Higher earners, up to $99,000 for an individual and $198,000 for a married couple, will see smaller amounts.

The Treasury expects to issue about 150 million payments in all, covering the vast majority of American households.

That will include a lot of people who haven’t lost their jobs and who may work in industries that are able to weather this crisis. For those, it’s a chance to pay down debt or bolster savings accounts.

Adam Smith, a Kingston resident who’s currently in Saudi Arabia teaching English-language classes, plans to put his $1,200 toward credit card debt and computer programming classes. His job feels stable, and his cost of living is low, Smith said, so he might as well gain flexibility for his future.

“I prefer to invest my money in skills and education at this point,” Smith wrote in an e-mail. “That, or get myself debt-free.”

Others are giving away at least some of the cash. Organizers of “mutual aid societies" that have sprung up in a number of Boston-area communities say they’re launching efforts to help connect people who want to donate their stimulus money with neighbors who need it. Catherine Drennan, a spokeswoman for the Greater Boston Food Bank, said the organization — which has seen demand increase 50 percent in recent weeks — knows of at least two people who have donated their stimulus checks.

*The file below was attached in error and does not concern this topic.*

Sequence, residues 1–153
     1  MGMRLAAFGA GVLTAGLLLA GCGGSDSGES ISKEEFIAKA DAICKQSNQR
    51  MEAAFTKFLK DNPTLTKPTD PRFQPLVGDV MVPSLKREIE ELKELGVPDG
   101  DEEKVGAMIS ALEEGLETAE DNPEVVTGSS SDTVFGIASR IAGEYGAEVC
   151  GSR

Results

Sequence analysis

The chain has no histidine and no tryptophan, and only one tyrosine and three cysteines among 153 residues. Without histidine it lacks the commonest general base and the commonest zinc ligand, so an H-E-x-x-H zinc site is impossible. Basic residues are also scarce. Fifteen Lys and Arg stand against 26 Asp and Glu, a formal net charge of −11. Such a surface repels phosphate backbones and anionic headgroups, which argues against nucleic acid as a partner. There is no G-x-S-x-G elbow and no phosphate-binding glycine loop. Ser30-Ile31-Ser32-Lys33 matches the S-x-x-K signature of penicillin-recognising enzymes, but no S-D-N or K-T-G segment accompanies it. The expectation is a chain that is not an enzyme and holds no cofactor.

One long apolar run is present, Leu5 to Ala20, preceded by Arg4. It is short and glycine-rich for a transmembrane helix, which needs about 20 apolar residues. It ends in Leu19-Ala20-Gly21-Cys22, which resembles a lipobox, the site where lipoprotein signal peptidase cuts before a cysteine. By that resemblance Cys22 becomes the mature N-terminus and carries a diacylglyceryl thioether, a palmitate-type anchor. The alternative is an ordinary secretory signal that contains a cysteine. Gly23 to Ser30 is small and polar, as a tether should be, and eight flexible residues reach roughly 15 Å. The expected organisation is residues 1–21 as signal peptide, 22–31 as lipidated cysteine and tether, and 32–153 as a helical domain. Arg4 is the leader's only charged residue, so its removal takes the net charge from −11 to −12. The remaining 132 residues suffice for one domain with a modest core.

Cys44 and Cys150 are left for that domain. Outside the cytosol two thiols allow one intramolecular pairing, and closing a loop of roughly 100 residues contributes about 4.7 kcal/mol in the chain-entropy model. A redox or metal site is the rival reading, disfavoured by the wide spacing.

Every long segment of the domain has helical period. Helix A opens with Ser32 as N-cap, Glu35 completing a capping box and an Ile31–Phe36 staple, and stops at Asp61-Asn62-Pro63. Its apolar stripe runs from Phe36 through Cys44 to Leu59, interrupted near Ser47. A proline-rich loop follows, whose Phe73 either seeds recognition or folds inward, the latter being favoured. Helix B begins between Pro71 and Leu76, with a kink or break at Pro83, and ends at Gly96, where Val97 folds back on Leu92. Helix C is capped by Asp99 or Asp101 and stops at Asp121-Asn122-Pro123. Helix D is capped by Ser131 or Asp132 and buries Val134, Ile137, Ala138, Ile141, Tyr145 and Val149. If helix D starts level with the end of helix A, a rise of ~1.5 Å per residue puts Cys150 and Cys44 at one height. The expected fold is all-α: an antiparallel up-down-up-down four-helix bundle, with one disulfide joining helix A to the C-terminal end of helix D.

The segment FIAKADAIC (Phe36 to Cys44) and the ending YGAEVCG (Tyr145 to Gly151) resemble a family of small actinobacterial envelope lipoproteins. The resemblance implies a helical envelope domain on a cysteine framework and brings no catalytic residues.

And for many, the money is a little insurance against whatever might come next. Emily Foster Day, codirector of the Boston Center for the Arts, had to take a pay cut and lay off staff as the events that provide most of the institution’s revenue disappeared overnight. She’s been working to raise funds to sustain the center and the artists who rely on it, but there’s no way to know when business might come back, or what next year’s budget might look like.


So when Day’s check arrived, it went straight into her savings account.

“It could’ve been a nice little bump for us,” she said. “But I’m pretty concerned about the future.”

That future could include more payments like this. The Trump Administration and Democrats in Congress have both said they’re considering a second wave of direct payments if the crisis drags on. And whenever things start to open back up, McBride said, it may make sense to issue another round to jump-start the economy and help consumers out of hibernation.

“But we’re not there yet,” he said. “Right now, what’s needed is a lifeline."

That’s what it looks like to Dan Caswell. The Saugus resident has been staying home from his job at Lowe’s, because he’s considered high-risk for COVID-19, but he lost most of his income after vacation and sick time ran out. His three kids are home and “they eat all day and every day,” he said in an e-mail. Next month’s rent is just around the corner.

Caswell’s been asking for and receiving, help on mutual-aid websites. The other day, someone drove 25 minutes to drop off cereal and milk for his children. Considering all that, the $2,700 Caswell expects he’ll get will be a big help, at least for a little bit. But given the high cost of living, and raising kids around Boston, he said it won’t last long.


“I think we definitely will need more cash assistance,” he wrote. “This is an unprecedented time.”

Tim Logan can be reached at Follow him @bytimlogan.